Questions For New Web Server Admins
This page has been set up in response questions such as:
- I have a server, now how do I start serving websites?
- What sort of connection do I need for my server?
- What software should I use to manage my server?
- etc etc
The bad news is that you can't get all these answers in a single web page. Although you are probably keen to get started, before you think about connecting your server to the big bad Internet you need to take a deep breath and understand a few things. This is all very important!
Operating a web server is a serious responsibility, not only to yourself and the websites you host, but to the entire Internet community. 99% of all the problems on the internet are caused by the following people:
- Virus Authors
- Newbie Server Admins
You must understand this: It takes a long time to learn how to run a server properly!
Unless you are doing a full-time course, there is simply no way to learn what you need to know in less than a year or so. Understanding DNS servers and virtual hosting is not enough — there is a huge amount to learn. If you think you're smart enough to do it quicker, you're actually not very smart at all.
Your first task is to make a choice: Do you want to do this quickly or properly?
So Where do I Start?
The steps you need to follow are listed below. Remember that it's up to you to find all the latest relevant information — researching this stuff is an essential skill for any server admin.
Step 1: Learn the basics
Spend lots of time searching the Internet and reading books about these topics:
- IP addresses, DNS resolution and virtual hosting
- Using the command prompt
- Using email systems such as sendmail
Step 2: Choose an OS
This is obviously a personal choice — there are many flavours of Linux, Unix, FreeBSD, Windows, etc. You need to understand enough about each OS to make an informed choice. One of the most common mistakes is to choose Windows because you already know it. Our recommendation is to invest your first couple of months learning Linux because we've found it to be a better option, but in the end it's up to you. Just make sure your choice is based on solid reasoning — it will be a choice that you live with for a long time.
If possible, it's a good idea to set up more than one server with different operating systems. Run them for a year or more to see how they really perform over time.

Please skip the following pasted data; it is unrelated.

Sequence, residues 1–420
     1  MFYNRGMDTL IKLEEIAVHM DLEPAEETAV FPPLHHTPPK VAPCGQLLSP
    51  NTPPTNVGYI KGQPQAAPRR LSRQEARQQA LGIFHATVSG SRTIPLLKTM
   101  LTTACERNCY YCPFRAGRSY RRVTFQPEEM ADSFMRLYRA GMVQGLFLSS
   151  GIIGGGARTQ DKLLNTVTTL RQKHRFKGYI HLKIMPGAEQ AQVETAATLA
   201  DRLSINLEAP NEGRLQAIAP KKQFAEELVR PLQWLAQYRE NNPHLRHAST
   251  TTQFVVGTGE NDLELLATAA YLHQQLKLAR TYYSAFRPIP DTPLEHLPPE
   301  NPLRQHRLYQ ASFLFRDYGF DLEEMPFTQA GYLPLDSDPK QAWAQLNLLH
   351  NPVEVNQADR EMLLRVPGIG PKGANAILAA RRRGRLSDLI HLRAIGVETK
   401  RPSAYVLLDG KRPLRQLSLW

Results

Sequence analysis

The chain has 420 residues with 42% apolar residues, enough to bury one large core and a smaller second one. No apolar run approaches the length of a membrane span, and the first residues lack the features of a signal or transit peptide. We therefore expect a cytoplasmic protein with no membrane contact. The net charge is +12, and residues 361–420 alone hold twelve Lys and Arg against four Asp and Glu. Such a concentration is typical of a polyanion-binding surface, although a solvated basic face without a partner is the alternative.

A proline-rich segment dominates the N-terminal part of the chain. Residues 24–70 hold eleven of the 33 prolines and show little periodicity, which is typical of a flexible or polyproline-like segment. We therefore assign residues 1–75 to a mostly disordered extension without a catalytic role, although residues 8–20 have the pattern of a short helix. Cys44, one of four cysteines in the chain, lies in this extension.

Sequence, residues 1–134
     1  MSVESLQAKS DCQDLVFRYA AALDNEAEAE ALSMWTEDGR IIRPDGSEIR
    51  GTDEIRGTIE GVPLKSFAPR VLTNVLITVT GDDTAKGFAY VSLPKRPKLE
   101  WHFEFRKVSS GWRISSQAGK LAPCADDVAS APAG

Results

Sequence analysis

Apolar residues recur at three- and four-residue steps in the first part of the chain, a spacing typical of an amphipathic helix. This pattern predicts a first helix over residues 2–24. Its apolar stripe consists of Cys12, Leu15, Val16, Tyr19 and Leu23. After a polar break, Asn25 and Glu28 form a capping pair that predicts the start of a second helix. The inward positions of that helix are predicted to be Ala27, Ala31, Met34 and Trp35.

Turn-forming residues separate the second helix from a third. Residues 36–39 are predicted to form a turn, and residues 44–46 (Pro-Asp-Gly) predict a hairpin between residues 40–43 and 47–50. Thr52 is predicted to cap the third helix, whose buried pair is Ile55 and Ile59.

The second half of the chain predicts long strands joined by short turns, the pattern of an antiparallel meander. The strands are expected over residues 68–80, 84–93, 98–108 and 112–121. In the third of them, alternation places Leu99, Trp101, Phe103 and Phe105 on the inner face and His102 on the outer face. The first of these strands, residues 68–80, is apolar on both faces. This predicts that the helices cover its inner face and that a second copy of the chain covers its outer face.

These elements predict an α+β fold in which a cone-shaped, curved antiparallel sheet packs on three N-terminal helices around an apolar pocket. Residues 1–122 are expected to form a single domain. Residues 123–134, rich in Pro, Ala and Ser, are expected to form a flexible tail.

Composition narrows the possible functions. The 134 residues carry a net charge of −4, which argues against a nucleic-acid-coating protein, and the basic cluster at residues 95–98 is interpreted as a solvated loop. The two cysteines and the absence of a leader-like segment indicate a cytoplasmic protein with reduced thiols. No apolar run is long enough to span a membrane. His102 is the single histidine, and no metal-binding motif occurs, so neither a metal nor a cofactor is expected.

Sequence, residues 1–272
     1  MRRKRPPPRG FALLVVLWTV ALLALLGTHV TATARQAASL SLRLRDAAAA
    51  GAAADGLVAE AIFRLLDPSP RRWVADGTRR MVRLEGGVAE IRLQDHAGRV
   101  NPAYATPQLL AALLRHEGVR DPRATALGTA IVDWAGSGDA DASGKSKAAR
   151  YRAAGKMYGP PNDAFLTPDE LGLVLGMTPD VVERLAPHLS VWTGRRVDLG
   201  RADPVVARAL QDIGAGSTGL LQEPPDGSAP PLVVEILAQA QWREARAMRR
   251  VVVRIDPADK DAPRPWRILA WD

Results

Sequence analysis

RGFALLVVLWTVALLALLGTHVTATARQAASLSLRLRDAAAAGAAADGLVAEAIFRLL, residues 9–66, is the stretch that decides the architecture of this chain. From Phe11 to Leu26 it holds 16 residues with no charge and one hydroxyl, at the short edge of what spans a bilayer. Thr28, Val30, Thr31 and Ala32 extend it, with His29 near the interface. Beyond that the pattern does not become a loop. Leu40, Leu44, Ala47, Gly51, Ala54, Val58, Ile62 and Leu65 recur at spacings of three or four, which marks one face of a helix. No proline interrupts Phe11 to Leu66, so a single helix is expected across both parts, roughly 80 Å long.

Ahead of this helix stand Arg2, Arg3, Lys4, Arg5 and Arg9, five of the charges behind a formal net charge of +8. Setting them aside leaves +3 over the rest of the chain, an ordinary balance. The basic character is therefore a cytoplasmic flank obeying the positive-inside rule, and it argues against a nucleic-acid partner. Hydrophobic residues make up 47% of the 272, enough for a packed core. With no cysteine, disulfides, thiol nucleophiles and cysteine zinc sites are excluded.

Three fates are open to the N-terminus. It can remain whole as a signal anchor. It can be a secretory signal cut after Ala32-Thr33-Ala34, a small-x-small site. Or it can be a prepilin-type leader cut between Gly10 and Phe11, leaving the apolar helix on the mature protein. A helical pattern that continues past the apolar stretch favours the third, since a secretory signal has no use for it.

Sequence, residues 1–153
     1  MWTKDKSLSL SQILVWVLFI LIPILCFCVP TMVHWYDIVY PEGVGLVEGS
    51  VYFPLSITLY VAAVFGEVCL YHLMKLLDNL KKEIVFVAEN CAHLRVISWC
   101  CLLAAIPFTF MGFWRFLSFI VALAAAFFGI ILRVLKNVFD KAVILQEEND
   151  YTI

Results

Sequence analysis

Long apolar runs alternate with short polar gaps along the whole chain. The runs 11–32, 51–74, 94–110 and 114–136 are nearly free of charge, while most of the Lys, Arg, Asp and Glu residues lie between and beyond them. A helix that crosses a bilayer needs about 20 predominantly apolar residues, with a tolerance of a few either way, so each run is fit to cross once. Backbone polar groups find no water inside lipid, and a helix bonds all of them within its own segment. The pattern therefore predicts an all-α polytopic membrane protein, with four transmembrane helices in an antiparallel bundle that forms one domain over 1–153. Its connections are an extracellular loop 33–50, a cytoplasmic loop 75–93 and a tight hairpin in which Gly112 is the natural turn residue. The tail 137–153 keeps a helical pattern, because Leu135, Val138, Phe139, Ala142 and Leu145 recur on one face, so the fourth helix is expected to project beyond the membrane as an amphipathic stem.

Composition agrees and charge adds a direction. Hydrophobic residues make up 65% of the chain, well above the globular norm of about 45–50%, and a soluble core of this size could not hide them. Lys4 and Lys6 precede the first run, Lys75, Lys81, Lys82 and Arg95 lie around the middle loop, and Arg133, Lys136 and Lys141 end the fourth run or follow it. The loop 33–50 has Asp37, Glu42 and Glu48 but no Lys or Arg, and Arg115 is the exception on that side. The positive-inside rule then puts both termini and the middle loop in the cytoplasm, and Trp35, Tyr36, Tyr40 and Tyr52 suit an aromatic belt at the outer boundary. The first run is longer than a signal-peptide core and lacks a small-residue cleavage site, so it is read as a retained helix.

Step 3: RTFM
Read the manual for your server operating system. For example, if you are using Red Hat Linux, everything you need to know about serving websites is in the book which comes with the disks. Every major distribution has the necessary documentation.
Step 4: Set up a LAN Server
Using at least two computers, set up a simulation of the Internet on your own LAN. Run this for a while, test it thoroughly, try to hack yourself, etc.
Security and Other Considerations
Maintaining security is a much bigger responsibility than many newbies realise. Below are some questions you need to answer before you can call your server safe. These things change constantly so you need to stay abreast of developments.
Your server will be routinely probed by hackers to look for vulnerabilities. All servers must deal with this — you are not immune just because you have a low profile. Hackers send out automated bots looking for weaknesses and you can expect to fend off several hackers every single day. Are you prepared for this?
Spammers are constantly on the hunt for servers which allow open relay or are insecure enough for them to use in other ways. For example, many common form-to-email scripts can be used to relay spam. How will you test your server to make sure spammers can't use it?
New Security Holes, Patches, etc
You might have your server tested for security and given the all clear, but a month later a new vulnerability is found in your operating system. How will you know about it and how will you fix it?
If you are planning on offering hosting as a commercial service, do you really understand all the implications?
- What is your security policy for clients? How will you monitor client access and server use? What is your alarm system for detecting unauthorised use?
- Do you understand all the things required by different types of websites? For example, do you know all the database types you support? How will you react when a client asks for something your server doesn't have, or that you don't understand?
- One thing many newbies overlook is the business side of hosting. What exactly is your experience in dealing with clients? If you don't have much experience, you should take a small business course.
In theory it's quite simple — learn everything outlined above and you'll be fine. Where people come unstuck is through impatience. As soon as they get virtual hosting working they let their server loose without really understanding all the implications.
Be patient — you have a long life ahead of you and there's plenty of time to get it right.